Pollen and climate

Artwork #12 shows how the amounts of different fossil spores and pollen from Antarctic rock samples change through geological time with changing climate.

Each stacked graph is a spore or pollen type representing elements of temperate rain-forest vegetation including mosses, shrubs and trees. The samples were collected from Seymour Island so the plants would have been growing on the northeastern lowlands of the Antarctic Peninsula. The colour reflects warmer (pink) and cooler (blue) climatic phases, interpreted from the fossil and geochemical record in the rocks.


The data gets younger from left to right between ~70 and 65 million years ago, with the composition of the vegetation varying slightly with temperature. Close to the right of the picture, at ~ 66 million years ago (the white bar), a large asteroid hit Mexico wiping out the dinosaurs and many other creatures worldwide, including those roaming Antarctica. However, despite some short-lived instability, the rain-forest of the Antarctic Peninsula appeared to survive this catastrophic event.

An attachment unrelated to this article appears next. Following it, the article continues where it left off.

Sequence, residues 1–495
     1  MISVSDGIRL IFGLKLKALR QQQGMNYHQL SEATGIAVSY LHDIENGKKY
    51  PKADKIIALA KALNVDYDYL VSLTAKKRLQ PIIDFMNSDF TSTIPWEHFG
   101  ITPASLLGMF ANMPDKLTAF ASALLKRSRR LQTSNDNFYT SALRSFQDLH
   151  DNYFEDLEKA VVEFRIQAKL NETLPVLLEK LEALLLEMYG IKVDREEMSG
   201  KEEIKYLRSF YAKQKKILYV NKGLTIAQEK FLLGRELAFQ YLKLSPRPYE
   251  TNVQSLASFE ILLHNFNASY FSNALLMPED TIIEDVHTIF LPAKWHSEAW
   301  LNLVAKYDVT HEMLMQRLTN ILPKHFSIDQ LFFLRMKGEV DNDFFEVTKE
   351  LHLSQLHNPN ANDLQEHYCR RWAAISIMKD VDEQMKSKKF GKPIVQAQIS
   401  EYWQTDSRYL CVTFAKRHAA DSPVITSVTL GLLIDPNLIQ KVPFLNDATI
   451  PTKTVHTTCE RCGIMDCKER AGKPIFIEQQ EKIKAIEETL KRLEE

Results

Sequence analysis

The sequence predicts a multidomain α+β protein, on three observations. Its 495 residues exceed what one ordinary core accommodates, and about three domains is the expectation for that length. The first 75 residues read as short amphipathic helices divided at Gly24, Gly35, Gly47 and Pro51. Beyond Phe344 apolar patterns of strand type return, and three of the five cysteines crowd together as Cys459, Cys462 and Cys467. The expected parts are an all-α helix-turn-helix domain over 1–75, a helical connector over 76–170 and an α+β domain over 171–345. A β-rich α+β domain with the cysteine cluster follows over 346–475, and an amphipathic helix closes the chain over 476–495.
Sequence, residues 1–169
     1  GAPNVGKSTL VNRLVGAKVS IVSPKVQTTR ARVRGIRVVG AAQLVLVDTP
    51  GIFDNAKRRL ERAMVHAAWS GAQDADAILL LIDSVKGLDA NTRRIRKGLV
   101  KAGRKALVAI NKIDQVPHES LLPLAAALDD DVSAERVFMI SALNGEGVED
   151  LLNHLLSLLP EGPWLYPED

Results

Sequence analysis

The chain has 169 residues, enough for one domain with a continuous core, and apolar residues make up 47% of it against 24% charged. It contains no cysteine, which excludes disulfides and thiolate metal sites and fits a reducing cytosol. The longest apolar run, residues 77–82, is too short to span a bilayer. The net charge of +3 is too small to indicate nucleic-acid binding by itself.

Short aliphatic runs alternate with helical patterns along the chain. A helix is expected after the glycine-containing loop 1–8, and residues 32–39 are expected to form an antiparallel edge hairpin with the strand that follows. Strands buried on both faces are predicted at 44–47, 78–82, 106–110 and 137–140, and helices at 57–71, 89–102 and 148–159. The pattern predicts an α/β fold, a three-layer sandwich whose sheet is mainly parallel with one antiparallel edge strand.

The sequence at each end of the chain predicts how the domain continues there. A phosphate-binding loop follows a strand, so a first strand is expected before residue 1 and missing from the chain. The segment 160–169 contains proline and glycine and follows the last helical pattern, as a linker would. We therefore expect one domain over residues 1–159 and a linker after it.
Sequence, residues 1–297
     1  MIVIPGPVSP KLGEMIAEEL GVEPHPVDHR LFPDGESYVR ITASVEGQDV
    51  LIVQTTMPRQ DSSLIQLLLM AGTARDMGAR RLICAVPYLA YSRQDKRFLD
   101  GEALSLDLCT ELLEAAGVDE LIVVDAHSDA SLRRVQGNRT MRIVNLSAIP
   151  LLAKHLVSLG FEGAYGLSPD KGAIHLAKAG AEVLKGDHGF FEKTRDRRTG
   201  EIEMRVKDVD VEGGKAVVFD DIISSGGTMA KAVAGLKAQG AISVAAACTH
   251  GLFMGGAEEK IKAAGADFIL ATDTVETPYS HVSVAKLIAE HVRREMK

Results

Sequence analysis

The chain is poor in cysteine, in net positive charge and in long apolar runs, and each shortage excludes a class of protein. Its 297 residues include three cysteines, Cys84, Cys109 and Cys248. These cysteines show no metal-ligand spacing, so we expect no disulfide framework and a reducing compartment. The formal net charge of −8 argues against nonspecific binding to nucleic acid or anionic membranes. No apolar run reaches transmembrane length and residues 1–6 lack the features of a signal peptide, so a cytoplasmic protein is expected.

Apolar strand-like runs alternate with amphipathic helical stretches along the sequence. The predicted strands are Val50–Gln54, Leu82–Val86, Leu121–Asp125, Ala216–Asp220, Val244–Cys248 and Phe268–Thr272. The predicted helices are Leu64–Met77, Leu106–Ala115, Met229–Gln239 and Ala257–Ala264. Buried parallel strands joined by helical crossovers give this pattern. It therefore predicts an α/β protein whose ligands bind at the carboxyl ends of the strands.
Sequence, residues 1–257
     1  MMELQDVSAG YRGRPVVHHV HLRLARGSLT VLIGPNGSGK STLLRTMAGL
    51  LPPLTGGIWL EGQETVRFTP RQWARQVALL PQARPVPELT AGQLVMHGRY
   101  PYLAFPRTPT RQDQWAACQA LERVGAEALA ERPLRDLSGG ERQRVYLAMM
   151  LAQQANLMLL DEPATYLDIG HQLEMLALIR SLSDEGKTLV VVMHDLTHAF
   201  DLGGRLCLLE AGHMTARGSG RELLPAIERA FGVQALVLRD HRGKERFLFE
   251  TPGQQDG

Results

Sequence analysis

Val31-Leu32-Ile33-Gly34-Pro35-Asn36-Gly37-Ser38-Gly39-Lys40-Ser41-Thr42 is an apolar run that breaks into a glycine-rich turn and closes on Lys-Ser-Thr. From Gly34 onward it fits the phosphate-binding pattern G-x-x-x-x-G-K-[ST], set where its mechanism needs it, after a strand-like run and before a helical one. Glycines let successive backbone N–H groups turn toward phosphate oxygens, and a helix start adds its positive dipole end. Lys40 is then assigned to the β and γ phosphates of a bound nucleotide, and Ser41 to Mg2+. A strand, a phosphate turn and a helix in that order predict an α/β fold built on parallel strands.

This work shows how the biotic landscape at high latitudes has responded to environmental change in a much warmer world in the geological past. We look to the fossil record to provide insight into both gradual and potentially sudden biotic change in the Antarctic; a region highly sensitive to climate change.

Data source:
Dr. Vanessa Bowman
British Antarctic Survey,